Local Fianna Fáil TD Darragh O’Brien has again voiced his concerns regarding the Government's Pyrite Remediation Scheme.
The Deputy raised the shortcomings of the government’s Pyrite Remediation Scheme directly with the Taoiseach, Enda Kenny in the Dáil last week.
A remedial scheme launched in 2013 is subject to the property reaching a level of damage specified under a scale drawn up by the Pyrite Resolution Board, which critics claim the vast majority of those affected will not qualify for.
The Minister previously confirmed to Deputy O'Brien that 913 dwellings have been approved for inclusion in the Pyrite Remedial Scheme.
Deputy O’Brien commented, “I have continually raised concerns that this scheme is far too limited and un-fit for purpose. It only addresses the tip of the iceberg when it comes to the extent of the pyrite problems in thousands of homes across the east coast.
“It needs the Taoiseach's direct intervention to ensure that the Pyrite Remediation Scheme is brought up to standard so that thousands of home owners see light at the end of the tunnel and see their houses fixed and brought up to specification.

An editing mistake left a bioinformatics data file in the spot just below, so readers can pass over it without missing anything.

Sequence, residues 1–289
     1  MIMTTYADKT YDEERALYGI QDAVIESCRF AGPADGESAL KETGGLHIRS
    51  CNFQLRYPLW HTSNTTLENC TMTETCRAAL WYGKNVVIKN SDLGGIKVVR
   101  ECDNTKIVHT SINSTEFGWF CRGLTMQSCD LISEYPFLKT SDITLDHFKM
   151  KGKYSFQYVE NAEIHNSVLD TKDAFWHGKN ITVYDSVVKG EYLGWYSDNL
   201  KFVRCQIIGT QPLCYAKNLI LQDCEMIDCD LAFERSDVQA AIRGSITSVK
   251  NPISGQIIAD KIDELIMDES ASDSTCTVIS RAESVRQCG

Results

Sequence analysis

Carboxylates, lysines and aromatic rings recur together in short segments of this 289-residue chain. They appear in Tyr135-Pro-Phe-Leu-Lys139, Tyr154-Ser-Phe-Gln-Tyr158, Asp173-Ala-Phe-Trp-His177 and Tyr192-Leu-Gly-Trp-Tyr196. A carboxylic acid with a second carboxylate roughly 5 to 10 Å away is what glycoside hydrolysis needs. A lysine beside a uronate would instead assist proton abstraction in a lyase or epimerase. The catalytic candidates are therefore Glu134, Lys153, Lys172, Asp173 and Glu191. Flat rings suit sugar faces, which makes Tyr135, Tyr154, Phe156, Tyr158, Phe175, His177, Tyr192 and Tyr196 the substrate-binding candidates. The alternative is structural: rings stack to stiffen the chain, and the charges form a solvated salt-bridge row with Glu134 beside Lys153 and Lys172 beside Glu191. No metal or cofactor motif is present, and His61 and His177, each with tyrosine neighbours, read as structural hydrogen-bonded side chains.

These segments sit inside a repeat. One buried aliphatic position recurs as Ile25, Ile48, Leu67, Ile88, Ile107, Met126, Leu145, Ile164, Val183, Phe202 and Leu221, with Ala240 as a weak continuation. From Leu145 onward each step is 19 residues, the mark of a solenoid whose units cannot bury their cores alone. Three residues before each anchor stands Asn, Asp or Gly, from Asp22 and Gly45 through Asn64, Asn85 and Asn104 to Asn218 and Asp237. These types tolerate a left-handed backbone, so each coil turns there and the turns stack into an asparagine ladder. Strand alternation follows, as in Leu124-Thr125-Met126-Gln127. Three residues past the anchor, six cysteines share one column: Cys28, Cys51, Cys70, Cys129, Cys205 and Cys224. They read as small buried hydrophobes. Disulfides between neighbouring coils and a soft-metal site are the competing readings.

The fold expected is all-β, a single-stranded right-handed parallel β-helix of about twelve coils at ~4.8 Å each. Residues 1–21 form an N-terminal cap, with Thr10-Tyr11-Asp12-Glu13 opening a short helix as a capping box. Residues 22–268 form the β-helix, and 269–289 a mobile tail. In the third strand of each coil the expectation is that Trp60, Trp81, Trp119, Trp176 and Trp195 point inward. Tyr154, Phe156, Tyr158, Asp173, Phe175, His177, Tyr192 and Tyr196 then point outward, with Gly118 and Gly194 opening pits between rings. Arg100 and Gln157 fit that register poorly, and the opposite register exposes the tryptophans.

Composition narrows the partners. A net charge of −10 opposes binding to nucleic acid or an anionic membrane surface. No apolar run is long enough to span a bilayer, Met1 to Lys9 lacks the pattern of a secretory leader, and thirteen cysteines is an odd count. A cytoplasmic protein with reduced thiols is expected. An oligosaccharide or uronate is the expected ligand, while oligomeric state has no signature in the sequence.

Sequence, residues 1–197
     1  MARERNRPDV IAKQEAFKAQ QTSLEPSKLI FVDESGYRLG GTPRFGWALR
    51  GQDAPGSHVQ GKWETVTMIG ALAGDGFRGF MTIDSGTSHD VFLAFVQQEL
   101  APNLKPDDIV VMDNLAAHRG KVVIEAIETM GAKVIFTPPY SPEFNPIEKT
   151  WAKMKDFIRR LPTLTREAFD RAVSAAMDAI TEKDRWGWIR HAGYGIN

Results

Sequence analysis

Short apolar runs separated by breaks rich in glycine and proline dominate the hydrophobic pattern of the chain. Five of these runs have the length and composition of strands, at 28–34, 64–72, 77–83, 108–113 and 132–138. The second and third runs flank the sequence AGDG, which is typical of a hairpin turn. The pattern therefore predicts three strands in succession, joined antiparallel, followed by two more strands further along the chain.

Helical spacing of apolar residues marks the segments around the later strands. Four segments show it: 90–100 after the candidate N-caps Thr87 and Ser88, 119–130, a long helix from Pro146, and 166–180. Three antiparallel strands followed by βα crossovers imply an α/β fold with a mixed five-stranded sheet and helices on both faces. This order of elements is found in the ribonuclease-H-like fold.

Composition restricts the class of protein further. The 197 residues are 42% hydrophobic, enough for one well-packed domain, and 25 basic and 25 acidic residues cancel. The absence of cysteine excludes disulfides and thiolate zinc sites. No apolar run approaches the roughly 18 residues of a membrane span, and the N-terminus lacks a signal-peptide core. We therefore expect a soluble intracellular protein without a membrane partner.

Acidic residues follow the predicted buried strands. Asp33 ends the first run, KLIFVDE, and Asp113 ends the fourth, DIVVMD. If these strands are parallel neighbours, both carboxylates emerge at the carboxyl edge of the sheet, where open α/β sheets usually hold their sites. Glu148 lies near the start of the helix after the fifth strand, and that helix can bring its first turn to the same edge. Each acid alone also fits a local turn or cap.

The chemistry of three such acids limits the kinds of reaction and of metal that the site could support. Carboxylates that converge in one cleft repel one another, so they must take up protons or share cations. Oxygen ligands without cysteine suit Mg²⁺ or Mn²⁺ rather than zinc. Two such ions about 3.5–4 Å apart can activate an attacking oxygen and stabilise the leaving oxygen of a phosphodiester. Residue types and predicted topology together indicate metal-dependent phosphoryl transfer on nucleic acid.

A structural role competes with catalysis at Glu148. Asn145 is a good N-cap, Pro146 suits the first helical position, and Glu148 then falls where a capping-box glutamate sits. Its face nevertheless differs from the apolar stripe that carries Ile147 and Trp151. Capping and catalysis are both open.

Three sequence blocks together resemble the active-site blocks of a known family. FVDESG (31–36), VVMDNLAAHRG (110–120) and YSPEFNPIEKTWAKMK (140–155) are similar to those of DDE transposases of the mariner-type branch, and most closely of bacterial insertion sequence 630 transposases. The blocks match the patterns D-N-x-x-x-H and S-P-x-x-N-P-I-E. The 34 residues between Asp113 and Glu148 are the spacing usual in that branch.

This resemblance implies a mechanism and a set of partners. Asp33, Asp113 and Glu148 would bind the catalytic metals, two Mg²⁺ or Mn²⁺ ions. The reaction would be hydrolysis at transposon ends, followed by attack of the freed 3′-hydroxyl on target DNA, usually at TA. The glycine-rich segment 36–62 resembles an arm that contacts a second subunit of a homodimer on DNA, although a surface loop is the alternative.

“There are an estimated 72,000 homeowners that are excessively damaged with pyrite, yet fewer than 1000 homes have been accepted into the Government’s scheme.
“The numbers of applications which the Minister has previously provided just scratches the surface and are further proof that the Pyrite Remediation Scheme is grossly inadequate.
“The problem lies with the reference to ‘significant levels’ of pyrite damage in the criteria set out by government under the scheme. Those who don’t meet the criteria must also be catered for. Leaving aside the damage, a house with pyrite is valueless, until it is remediated.
“There needs to be a comprehensive review of the pyrite scheme to protect all affected homeowners in Fingal and not just some. We must revise the whole issue of pyrite and overhaul the whole Government scheme which is unfit for purpose and now leaving thousands behind.
“My party and I have committed to expanding the Pyrite Remediation Scheme so that all homeowners affected by pyrite can have their homes fixed should their insurers not pay.
“We flagged this issue when the scheme was first proposed and submitted a series of amendments to the legislation, all of which were rejected by the last Government. We also published a Pyrite Remediation Bill to expand the scheme in 2012 - this was also ignored by Government.
"It is time for the Government to do more to support the thousands of families across the North County who have been left in limbo,” pointed out the Deputy.